Although I am a Buddhist monk, this is not a book about Buddhist theory or practice, but about our experiences as human beings. The shared ground that we meet on is our concern about our lives and our world. On that ground, we can meet as friends. My formal study has been in Buddhist philosophy and religion, so I may use some Buddhist terms on occasion. But this is only because I have found them helpful in my own life, and hope they might also open up useful perspectives for you. Please do not take my words to be an authoritative representation of what the Buddhist texts say. I really am speaking from my own experience.
I am now twenty-five years old. Since the time I was recognized as the Seventeenth Karmapa when I was very young, I have also been aware that I am carrying the nine-hundred-year-old reincarnation lineage of the previous sixteen Karmapas. But I see myself as a human being, not “the Karmapa.” I am just a human being with particular responsibilities and opportunities. I may have a unique role because I received the name and position of “Karmapa,” but we all have responsibilities based on what we receive from the world.
Although I have had extensive training in order to meet my duties as Karmapa, my initial spiritual education came from my parents. This may be true for many of us. While my mother cannot read, she is sincere, affectionate, and loving. My mother and father were my first spiritual teachers. Our parents bring us into the world and raise us. No matter where we come from, as young children we were all cared for by someone—by parents or by other guardians. This is an experience we all share.
We also share the same planet. We have been living on it together since we were born. We just had not been introduced to one another before. It is good that we can now meet through this book. This meeting of ours doesn’t have to lead anywhere. I will be sharing my aspirations for the world with you in this book. If we recognize that we share many experiences and aspirations, that will be enough.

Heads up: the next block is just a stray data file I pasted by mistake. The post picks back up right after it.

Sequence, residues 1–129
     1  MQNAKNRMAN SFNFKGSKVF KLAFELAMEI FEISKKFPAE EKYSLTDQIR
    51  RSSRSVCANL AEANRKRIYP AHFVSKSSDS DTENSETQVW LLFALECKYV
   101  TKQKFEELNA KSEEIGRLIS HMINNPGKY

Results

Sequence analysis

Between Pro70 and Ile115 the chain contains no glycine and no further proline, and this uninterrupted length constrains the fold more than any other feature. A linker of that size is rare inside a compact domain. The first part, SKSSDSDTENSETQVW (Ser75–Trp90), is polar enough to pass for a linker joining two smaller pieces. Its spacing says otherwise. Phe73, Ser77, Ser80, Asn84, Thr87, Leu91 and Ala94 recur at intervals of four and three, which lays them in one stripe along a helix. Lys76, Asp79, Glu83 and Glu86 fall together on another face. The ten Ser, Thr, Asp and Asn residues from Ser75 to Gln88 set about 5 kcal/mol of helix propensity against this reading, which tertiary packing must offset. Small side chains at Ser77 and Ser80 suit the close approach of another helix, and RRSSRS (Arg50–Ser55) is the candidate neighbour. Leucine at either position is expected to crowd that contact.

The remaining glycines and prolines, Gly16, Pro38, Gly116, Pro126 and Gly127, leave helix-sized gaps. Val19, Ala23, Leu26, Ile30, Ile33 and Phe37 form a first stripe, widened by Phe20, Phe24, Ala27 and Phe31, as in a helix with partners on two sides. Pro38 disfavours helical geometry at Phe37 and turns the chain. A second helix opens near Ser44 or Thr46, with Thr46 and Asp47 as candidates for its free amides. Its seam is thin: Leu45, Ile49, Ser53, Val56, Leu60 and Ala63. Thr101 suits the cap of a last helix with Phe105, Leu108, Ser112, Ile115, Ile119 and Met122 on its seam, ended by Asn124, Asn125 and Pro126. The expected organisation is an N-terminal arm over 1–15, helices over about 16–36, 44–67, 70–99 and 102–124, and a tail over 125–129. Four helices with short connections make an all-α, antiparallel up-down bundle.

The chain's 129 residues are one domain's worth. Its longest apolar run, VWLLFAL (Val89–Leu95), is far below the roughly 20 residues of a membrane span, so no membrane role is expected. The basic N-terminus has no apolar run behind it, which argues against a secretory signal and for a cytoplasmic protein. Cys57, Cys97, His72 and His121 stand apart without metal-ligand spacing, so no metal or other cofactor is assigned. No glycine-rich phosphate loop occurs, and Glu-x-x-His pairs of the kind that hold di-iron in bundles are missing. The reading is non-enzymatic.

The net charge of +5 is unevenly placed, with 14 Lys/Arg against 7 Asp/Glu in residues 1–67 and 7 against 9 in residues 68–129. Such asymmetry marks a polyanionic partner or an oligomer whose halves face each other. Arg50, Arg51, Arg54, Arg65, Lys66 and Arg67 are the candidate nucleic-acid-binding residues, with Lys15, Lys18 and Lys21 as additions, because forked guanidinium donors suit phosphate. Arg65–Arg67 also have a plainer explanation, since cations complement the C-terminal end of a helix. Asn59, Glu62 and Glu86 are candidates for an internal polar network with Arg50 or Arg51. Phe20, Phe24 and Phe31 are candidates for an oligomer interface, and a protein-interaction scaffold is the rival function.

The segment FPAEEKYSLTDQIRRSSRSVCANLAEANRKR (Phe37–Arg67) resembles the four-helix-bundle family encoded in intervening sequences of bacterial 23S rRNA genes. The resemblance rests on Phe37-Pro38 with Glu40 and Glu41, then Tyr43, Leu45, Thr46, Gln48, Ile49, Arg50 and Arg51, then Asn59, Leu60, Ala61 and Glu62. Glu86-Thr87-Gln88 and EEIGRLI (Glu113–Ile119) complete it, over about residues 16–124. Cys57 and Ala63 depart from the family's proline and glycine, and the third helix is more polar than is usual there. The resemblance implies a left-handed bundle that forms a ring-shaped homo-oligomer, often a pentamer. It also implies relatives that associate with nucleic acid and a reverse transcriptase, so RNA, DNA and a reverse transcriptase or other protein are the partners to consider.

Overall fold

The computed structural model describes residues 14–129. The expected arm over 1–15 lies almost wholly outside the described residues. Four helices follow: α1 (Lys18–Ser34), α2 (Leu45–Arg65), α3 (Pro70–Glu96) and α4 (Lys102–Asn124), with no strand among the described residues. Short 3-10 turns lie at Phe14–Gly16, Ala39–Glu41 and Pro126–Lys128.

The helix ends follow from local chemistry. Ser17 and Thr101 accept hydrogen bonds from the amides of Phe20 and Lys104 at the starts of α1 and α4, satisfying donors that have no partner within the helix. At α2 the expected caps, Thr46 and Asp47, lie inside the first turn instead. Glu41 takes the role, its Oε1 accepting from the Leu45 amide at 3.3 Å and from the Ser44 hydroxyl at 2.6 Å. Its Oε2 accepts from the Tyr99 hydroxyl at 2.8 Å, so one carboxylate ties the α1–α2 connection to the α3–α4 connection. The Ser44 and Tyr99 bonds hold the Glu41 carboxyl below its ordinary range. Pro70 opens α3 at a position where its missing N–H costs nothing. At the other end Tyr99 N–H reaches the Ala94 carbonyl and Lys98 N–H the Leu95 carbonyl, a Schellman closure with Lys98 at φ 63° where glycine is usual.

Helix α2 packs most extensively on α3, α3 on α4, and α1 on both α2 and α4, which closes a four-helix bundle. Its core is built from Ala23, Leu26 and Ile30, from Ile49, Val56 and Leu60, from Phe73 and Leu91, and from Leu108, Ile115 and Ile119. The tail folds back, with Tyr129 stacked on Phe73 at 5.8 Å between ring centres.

As we go through our lives, we all experience a great deal of change. Tremendous material progress is taking place everywhere around us, before our very eyes. We have all observed our own bodies growing rapidly from childhood, and as we mature we can watch ourselves continue to evolve. This physical development should be matched by mental development. Along with outer growth, we should also look for a deepening of our wisdom, and our ability to distinguish what is beneficial from what is harmful. Just as we can experience the bloom of our youth physically, we can also have an inner blooming of our heart and mind. We can bring this freshness of youth to the world. Later, we can also bring the ripening of our mature wisdom to it.
As we go through life, there is a great deal we can learn from one another. I have been touched by the genuine aspirations of many of the people I meet. I have learned from them. I have many hopes for the world, but I try not to have any expectations. Whether I can actually fulfill my aspirations or not, I wish to let them shape me and guide my actions in the world.
Focusing on achieving results can make us too attached to our goals. Our dreams do not necessarily have to be fulfilled in order for us to be happy. Nurturing hopes is meaningful in and of itself. It is worth working toward them, regardless of the outcome. When we make this shift away from results, we will find greater courage to act on our aspirations for the world. We will find our nobility of heart.
Until now, we have been sharing this earth without recognizing that fact. Now, we can also share our hopes for our common home. We can have common aspirations for ourselves and for each other. We do not need anything more complicated than that. Sharing aspirations and experiences can bring us together on a basic human level. Just that can bring us happiness.
Karmapa, Ogyen Trinley Dorje
Karmapa, Ogyen Trinley Dorje